Assessing student learning outcomes in international service learning programs
Tamara Baldwin, Associate Director, International Learning Programs, University of British Columbia [tamara.baldwin@ubc.ca]
Dawn Currie, Professor of Sociology, University of British Columbia [dawn.currie@ubc.ca]
Kristin Patten, Manager of International Service Learning, University of British Columbia [kristin.patten@ubc.ca]
Kari Marken, International Service Learning Advisor, University of British Columbia [kari.marken@ubc.ca]
Sara Radoff, Manager of Safety & Learning Abroad, University of British Columbia [sara.radoff@ubc.ca]

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Keywords: Assessment, international service learning, student learning

Track: Program evaluation and assessment

Format: Poster presentation

Date & time: Friday 3:20-4:30
Location: Salon 4 / Salon 9

Summary:
Institutions of higher education worldwide are analyzing their international engagement strategies and rewriting mission statements articulating an aim to graduate global citizens. Simultaneously, international service learning (ISL) pedagogy is being recognized for its transformative power for students, institutions and communities. Go Global International Learning Programs at the University of British Columbia (UBC) is undertaking a project to develop a three year strategy to assess student learning outcomes in ISL. This assessment strategy will work across faculties and include both curricular and co-curricular activity to more clearly define what the student learning outcomes of ISL are and how they are achieved.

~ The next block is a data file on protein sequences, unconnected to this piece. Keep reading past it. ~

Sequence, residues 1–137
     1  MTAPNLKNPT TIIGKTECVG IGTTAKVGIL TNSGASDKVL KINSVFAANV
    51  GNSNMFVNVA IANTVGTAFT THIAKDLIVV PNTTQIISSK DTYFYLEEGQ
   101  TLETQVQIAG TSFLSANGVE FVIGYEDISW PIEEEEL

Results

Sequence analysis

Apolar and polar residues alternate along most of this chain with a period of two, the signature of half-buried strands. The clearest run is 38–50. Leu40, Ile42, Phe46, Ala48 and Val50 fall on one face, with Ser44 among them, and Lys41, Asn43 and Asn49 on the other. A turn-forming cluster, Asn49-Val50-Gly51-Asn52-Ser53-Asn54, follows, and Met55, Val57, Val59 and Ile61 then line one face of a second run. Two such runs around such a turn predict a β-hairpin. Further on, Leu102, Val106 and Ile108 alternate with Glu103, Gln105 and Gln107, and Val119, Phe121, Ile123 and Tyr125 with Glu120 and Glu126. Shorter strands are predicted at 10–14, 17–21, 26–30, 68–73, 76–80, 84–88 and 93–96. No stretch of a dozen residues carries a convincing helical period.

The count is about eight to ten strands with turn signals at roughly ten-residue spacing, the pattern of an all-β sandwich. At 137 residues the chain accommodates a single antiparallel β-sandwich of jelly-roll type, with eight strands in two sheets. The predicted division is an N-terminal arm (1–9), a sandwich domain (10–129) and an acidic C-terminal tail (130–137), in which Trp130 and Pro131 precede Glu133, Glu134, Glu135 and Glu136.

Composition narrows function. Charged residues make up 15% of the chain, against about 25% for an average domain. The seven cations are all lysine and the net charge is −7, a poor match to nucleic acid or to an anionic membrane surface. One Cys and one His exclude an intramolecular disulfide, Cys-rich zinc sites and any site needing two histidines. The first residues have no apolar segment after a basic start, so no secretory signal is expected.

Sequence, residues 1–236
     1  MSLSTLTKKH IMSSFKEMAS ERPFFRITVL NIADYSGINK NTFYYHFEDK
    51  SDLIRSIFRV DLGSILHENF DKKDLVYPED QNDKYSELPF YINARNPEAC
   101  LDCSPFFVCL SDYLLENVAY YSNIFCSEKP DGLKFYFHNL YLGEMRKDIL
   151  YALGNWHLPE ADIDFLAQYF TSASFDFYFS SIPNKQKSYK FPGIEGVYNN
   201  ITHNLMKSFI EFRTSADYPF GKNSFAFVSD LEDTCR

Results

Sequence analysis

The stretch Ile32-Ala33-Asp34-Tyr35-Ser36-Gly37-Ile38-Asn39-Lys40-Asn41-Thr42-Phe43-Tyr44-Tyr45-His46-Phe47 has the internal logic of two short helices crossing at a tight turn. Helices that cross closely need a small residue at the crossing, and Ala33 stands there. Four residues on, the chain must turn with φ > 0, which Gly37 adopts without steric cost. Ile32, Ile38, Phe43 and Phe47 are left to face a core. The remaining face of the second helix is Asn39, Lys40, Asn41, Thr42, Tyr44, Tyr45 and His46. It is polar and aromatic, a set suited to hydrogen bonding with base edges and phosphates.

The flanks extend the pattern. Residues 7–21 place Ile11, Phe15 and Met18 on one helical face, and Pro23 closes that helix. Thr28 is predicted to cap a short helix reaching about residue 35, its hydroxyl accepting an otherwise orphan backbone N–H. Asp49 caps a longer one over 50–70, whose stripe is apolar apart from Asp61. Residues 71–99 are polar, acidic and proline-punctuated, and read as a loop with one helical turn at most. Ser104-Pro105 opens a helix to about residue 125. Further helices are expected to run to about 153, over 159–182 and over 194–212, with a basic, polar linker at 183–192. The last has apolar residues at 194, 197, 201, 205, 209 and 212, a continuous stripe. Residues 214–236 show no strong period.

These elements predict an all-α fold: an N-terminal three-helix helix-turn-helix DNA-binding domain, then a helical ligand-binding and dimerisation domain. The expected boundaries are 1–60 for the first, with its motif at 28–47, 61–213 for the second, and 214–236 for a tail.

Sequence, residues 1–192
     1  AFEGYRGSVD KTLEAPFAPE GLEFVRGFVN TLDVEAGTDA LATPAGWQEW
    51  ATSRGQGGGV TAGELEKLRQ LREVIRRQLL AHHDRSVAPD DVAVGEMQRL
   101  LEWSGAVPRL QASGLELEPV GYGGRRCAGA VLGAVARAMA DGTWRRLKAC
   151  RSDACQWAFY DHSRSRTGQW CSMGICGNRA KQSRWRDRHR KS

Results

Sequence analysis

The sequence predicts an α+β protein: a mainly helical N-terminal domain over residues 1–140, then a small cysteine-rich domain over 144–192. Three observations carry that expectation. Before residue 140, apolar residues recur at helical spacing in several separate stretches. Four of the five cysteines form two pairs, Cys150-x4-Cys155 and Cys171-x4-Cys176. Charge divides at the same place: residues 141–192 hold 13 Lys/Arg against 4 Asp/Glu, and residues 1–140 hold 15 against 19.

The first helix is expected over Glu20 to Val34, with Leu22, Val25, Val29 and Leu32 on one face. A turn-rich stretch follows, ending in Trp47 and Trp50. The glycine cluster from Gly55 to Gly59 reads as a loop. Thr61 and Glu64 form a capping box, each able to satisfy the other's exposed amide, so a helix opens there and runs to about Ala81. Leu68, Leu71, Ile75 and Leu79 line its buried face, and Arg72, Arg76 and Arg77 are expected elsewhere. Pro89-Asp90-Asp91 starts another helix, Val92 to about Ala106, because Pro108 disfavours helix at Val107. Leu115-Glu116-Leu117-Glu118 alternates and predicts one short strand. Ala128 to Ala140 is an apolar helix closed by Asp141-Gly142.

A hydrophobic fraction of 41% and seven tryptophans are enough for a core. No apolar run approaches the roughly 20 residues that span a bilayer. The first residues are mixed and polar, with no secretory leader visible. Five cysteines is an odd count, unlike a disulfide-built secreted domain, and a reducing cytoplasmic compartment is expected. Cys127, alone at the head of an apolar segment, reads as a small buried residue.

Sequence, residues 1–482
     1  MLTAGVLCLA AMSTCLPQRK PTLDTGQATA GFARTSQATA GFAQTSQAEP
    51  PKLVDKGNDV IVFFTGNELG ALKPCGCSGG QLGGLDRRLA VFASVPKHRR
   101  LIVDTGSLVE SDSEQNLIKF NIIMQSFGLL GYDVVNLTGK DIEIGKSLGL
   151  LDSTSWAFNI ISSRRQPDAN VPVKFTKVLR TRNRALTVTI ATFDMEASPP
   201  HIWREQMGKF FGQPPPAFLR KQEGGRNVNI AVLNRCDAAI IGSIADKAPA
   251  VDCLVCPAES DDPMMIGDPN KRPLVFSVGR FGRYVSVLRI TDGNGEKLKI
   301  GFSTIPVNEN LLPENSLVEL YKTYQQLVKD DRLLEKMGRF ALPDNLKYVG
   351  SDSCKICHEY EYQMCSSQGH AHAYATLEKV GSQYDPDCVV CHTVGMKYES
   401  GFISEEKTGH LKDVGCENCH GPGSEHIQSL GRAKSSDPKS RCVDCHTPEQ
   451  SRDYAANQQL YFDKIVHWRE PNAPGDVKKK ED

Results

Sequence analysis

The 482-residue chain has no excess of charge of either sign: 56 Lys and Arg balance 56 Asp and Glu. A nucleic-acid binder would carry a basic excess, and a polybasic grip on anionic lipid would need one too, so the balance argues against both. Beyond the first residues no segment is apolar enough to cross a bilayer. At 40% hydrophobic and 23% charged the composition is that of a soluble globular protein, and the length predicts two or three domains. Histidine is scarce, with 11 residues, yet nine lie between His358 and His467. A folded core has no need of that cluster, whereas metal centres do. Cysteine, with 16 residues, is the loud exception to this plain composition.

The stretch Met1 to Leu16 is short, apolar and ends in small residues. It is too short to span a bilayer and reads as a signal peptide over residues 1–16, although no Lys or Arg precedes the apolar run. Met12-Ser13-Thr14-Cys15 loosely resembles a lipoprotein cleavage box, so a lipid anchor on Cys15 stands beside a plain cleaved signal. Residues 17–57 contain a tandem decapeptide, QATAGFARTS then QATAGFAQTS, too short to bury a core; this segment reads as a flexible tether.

UBC’s assessment process is outlined through the following methods:
  1. Design a 3-year assessment strategy focusing on student learning outcomes.
  2. Identify existing tools to measure learning outcomes through ISL and work with faculty partners to adapt tools where appropriate for their field of study or specific course.
  3. Implement the assessment tools according to the strategy using both the curricular and co-curricular student groups for comparison.
  4. Analyze and report on data to stakeholders, including community partners, at multiple points throughout the process.

The knowledge garnered from this assessment initiative will be widely distributed to enhance teaching and learning initiatives related to international education opportunities. The development of a robust and well developed learning assessment strategy has the potential to have a significant impact on students; similarly, it can impact and strengthen a faculty member’s own engagement with the pedagogy of ISL and provide rationale and support for the expansion of these types of opportunities. Overall, the outcomes of this project will be to develop a more rigorous, intentional, and replicable assessment of student learning within the context of ISL.

References:
Bringle, R. G., Hatcher, J.A., & Jones, S.G. (Eds.). (2011). International Service Learning: Conceptual Frameworks and Research. Sterling, VA: Stylus.


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